Ellen Graham, who owns the popular restaurant and catering company, Ellen Ray’s, considers herself an organizer; and even though she has only 8 staff members, she has them serving as a kitchen manager, a floor manager, a bar manager, a facilities manager, and other positions because she wants them to know what leadership and responsibility are all about.
“The “B” word stereotype can be easily gotten rid of if most leaders would empathize with their employees and their job duties,” said Graham. “It’s important that all my staff know that I will push up my sleeves and do whatever it takes to have a successful event. I love service and my staff knows that the only time that I will become more expressive and aggressive is if we’re not giving extraordinary service.”
There are so many powerful stories of African American women who have overcome challenges and have risen in the ranks to become some of the most influential leaders of our time. One such story is that of an African American woman raised by a single mother in a New York city housing project, who broke the glass ceiling to become the Chairwoman and CEO of Xerox in 2009. Ursula Burns is the first African American woman CEO to head a Fortune 500 company and in 2009, Forbes rated Burns the 14th most powerful woman in the world.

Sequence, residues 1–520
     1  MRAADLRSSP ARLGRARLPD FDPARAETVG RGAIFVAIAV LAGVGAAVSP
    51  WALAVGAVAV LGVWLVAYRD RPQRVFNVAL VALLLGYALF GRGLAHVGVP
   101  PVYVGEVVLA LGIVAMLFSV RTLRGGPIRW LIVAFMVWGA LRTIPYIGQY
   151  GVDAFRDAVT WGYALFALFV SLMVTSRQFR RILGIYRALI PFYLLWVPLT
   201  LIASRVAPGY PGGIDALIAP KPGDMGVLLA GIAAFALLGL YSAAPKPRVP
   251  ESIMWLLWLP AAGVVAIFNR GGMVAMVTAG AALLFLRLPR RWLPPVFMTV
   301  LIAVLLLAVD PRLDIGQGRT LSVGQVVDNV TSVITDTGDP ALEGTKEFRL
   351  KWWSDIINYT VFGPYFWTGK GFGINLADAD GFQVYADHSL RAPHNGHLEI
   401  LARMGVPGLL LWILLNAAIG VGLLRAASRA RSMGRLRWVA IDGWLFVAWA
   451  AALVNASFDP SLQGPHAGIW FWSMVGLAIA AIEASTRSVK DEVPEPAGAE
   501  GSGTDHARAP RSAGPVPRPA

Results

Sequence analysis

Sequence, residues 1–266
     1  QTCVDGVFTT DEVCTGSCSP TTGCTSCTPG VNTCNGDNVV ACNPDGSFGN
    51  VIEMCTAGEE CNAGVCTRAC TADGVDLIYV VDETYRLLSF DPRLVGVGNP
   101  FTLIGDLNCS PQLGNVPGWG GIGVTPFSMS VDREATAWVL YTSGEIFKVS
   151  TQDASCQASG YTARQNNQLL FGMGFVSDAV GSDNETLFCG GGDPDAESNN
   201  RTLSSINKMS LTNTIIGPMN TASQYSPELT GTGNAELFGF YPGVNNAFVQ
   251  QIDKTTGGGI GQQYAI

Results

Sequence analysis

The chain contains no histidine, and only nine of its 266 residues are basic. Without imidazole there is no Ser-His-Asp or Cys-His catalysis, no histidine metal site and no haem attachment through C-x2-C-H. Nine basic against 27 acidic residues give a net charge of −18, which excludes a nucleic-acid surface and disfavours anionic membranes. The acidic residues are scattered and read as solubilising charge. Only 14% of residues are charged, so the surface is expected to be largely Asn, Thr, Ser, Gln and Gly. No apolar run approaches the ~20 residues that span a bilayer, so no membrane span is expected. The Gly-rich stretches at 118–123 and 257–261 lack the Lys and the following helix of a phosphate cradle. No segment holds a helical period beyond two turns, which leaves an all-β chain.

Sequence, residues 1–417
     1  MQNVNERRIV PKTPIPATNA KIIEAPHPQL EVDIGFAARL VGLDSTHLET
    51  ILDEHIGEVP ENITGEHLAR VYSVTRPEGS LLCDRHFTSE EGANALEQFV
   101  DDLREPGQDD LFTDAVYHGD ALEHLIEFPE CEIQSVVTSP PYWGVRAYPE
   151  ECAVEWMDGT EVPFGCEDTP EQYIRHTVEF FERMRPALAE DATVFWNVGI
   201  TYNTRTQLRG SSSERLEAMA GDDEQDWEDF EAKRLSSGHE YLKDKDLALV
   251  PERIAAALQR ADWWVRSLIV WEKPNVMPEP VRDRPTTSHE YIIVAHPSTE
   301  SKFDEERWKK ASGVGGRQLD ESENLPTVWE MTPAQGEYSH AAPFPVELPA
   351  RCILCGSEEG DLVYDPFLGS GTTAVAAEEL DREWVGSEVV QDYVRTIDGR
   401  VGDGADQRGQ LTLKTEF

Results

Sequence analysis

There are so many other countless stories like these that are told and some that are never told.
“If you look at the world, women do 66 percent of the work in the world,” said Sandberg. “Women produce 50 percent of the food. Women make 10 percent of the income and women own one percent of the property. We are 50 percent of the population. We are five percent of the Fortune 500 CEOs. We are 17 percent of the board seats. We are 19 percent in Congress. That’s not enough for 50 percent of the population. We live in a world that is overwhelming run and owned by men.”
The confidence gap starts early. Between elementary and high school, girls’ self–esteem drops 3.5 times more than boys’. Bossy holds girls back. Girls are twice as likely as boys to worry that leadership roles will make them seem “bossy.” Girls get less airtime in class. They are called on less and interrupted more.